Writers have a different perspective on the issue. Having a publishing house print your book still has a certain prestige to it. And the advantage of getting your book into book stores. An agent and publisher also help assure that your book is well-edited and has a good title and cover. But the odds of getting a publisher, especially one of the big five in New York, are extremely low. They are now owned by large corporations who have one criteria: profit. Their only concern is will your book make money, lots of it. And that’s the tail that wags the dog.
There is more.
Publishing house contracts are notoriously one sided. A small advance with minimal royalties and maximum control are what first time authors can expect from a publisher. Time is also a factor. The project can easily take two years, and that’s after you have landed an agent and a publisher, which might take another year or so, if at all. Shelf-life is another concern. Yes, your books may get into bookstores, but if they don’t sell quickly, off they come. Bookstore owners have an agreement with publishers to take back unsold books and space is limited. Three months seem to be the outer limits. Your book is then destined for the burn pile— ashes to ashes, dust to dust.
Marketing is part of the answer. Publishers used to take this on as part of their responsibility. No more. Unless your name is J.K. Rowling, or David Baldacci, or Catherine Coulter (she spoke at the conference), etc., you are expected to do your own outreach. In fact, most agents and publishers won’t even consider your book unless you have a ready-made platform. Jane Friedman, who is a guru on authors’ platforms (and was also at the conference), defines platform as “an ability to sell books because of who you are or who you can reach.” A blog, for example, is a platform. Having one was highly recommended by just about everyone. There was a slight catch in the fine print: It helps to have 100,000 followers. My 5,600 followers, 530,000 views and 20,000 comments count as something, but not much. Get to work, Curt!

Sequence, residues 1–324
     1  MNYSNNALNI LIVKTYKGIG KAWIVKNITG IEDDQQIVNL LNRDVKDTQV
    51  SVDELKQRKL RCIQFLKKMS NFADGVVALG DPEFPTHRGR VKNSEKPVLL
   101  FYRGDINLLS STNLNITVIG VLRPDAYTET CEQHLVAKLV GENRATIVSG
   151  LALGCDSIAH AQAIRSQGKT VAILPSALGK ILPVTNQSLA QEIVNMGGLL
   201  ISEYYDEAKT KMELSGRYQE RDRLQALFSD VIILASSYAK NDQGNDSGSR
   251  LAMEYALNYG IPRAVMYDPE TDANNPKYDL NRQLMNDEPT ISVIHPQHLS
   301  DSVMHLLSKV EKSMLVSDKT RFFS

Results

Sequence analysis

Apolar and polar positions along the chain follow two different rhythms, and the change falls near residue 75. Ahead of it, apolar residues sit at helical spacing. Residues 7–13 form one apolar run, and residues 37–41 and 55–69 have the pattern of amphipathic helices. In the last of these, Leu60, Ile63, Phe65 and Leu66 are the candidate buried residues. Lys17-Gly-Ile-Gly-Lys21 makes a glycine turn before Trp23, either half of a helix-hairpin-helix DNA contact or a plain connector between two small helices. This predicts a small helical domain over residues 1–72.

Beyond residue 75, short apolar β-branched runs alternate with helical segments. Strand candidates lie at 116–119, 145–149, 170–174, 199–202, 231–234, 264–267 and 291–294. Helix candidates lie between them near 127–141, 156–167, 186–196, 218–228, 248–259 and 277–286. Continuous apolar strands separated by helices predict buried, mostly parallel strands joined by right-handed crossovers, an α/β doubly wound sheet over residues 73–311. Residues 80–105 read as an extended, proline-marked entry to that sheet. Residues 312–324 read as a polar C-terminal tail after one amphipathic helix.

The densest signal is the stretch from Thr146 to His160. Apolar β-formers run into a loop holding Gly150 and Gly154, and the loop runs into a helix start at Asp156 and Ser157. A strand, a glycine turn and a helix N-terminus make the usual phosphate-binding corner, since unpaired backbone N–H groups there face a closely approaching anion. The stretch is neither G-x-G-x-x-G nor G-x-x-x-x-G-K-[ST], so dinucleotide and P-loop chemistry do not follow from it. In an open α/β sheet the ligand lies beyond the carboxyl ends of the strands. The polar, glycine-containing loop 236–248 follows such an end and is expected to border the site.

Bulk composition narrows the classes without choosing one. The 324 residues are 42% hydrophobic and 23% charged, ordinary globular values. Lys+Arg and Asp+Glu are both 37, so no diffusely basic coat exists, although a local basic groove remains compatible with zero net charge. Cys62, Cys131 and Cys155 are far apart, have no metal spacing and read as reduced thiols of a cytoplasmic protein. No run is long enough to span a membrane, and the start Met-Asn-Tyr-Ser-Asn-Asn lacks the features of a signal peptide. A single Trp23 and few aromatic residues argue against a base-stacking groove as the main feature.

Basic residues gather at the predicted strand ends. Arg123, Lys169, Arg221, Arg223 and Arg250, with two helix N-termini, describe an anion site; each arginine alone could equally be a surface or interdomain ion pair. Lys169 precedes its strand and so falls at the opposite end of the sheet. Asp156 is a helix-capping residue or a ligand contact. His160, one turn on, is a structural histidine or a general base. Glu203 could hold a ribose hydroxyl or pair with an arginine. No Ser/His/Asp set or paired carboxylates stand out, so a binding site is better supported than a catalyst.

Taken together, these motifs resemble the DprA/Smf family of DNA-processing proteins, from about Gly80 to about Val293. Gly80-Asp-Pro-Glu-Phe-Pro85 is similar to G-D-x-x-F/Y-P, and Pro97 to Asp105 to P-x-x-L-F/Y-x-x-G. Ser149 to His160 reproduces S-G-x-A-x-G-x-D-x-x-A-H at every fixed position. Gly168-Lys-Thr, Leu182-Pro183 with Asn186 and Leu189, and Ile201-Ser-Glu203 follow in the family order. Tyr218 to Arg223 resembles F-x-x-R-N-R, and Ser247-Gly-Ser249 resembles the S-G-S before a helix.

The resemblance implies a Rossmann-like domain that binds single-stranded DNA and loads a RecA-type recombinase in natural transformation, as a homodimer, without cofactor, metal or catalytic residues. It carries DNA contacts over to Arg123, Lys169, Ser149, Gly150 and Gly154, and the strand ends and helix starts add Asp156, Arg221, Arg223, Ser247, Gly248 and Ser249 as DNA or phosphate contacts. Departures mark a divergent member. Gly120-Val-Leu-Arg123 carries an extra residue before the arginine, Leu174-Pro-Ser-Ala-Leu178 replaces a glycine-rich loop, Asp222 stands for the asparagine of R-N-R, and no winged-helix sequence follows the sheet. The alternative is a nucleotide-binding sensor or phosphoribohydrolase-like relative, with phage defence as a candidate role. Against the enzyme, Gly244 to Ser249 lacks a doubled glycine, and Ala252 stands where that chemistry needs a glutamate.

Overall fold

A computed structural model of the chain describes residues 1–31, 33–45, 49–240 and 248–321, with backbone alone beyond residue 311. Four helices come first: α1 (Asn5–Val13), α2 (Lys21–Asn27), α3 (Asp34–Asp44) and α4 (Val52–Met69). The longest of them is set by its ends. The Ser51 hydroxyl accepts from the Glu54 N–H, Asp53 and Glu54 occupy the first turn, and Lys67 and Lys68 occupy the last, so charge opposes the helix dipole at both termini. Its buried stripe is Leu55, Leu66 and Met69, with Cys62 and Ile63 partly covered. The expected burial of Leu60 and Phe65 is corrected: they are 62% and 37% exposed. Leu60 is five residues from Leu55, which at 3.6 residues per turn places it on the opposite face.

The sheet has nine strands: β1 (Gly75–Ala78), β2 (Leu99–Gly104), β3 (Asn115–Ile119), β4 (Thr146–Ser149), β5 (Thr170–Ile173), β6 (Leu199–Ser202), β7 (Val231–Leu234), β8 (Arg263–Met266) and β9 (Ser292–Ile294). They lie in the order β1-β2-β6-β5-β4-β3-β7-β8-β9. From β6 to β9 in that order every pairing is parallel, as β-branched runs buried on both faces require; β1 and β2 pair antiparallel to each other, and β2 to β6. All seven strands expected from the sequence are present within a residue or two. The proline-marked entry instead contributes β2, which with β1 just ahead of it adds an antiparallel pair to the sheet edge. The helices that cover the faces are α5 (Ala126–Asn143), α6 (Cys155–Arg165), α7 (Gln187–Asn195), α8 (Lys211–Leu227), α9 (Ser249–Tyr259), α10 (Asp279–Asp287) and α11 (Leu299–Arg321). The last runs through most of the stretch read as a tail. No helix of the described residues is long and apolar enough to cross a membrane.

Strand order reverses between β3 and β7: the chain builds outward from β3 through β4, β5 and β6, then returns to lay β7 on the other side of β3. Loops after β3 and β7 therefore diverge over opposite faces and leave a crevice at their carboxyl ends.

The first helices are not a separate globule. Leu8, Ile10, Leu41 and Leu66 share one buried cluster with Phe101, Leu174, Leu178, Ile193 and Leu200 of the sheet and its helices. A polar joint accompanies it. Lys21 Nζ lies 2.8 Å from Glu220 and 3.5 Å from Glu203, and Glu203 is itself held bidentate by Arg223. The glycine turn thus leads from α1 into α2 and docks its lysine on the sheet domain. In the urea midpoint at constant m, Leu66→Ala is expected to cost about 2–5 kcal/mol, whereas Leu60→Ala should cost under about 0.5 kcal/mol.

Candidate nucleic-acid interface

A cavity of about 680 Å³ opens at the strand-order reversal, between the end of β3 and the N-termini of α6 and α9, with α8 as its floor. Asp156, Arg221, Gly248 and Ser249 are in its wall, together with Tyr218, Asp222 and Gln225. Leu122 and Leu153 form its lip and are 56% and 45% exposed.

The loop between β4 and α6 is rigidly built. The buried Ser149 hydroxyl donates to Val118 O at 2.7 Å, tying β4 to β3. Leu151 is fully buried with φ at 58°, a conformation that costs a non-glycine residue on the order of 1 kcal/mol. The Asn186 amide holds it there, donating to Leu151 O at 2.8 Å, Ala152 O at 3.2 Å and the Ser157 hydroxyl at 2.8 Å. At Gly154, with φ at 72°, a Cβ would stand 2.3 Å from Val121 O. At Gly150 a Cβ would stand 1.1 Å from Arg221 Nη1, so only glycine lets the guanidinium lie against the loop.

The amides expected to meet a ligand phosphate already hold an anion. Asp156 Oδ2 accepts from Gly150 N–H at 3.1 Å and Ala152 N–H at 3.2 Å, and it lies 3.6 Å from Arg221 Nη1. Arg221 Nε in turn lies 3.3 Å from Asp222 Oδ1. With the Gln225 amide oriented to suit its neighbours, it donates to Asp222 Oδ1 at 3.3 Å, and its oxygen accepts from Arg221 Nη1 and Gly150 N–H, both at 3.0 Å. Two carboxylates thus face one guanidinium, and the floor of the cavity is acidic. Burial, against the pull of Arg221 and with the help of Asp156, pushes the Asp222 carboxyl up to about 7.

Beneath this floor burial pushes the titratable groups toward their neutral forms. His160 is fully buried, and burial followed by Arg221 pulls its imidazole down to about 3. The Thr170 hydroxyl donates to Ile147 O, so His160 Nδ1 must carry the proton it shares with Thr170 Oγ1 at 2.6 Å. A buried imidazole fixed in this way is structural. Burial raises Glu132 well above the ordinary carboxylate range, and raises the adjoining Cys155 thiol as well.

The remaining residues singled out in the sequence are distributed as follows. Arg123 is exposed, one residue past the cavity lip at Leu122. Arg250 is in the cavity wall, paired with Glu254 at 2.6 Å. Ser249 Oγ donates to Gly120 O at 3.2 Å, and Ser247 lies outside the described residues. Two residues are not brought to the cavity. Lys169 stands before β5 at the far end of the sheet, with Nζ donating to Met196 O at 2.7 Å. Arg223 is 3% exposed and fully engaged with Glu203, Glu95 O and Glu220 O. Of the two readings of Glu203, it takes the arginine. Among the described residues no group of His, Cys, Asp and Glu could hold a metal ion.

It is easy to see the appeal of going the Indie route and self-publishing. Your digital book has a virtual shelf-life of forever. From start to finish, you can have it up and out in months instead of years. Your profit per book sold comes in at between 50 and 100% as opposed to 15 and 20%. Modern print on demand capabilities mean your readers can still get the book in print as well as digitally. And, finally, you are in total control. Whether your book is published or not doesn’t depend on a 15 second decision by an agent or editor, who may be having a bad day.
None of this might matter if the publisher handled all of the marketing and used their considerable expertise to push our books. The effort and rejection that goes into obtaining a publisher would be worth it. But they don’t. If our success is going to depend on the energy and skill we bring to marketing as well as writing, then self-publishing becomes a viable option, and may indeed, be the preferable option.
It was a great conference. I felt I learned a lot. Now it’s time to get back to blogging and writing the book. The decision to self-publish or not can wait until the book is finished.
NEXT POST: I came home to snow. Not much but it was pretty. It’s time for my annual snow post!